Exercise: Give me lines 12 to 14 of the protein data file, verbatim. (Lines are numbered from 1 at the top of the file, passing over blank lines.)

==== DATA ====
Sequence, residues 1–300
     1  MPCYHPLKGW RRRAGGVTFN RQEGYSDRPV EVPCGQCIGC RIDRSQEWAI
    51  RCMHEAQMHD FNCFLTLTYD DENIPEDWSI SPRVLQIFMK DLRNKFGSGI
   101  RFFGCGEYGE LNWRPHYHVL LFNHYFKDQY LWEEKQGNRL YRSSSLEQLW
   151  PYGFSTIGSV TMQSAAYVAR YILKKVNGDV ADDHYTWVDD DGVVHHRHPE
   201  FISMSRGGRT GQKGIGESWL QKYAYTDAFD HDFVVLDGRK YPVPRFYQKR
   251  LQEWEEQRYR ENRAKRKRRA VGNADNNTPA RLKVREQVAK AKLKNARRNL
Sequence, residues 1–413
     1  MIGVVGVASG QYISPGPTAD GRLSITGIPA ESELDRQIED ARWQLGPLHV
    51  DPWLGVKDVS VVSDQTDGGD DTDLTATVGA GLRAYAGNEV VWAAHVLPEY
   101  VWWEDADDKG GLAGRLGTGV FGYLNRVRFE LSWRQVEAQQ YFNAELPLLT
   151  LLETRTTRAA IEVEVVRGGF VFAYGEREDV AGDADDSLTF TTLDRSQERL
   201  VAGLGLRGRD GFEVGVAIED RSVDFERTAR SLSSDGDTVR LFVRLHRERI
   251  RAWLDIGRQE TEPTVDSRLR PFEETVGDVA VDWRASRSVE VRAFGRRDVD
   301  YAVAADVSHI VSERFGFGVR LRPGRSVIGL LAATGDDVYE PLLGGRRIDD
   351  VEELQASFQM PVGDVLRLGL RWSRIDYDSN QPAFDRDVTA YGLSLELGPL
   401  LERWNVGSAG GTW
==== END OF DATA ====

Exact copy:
   151  LLETRTTRAA IEVEVVRGGF VFAYGEREDV AGDADDSLTF TTLDRSQERL
   201  VAGLGLRGRD GFEVGVAIED RSVDFERTAR SLSSDGDTVR LFVRLHRERI
   251  RAWLDIGRQE TEPTVDSRLR PFEETVGDVA VDWRASRSVE VRAFGRRDVD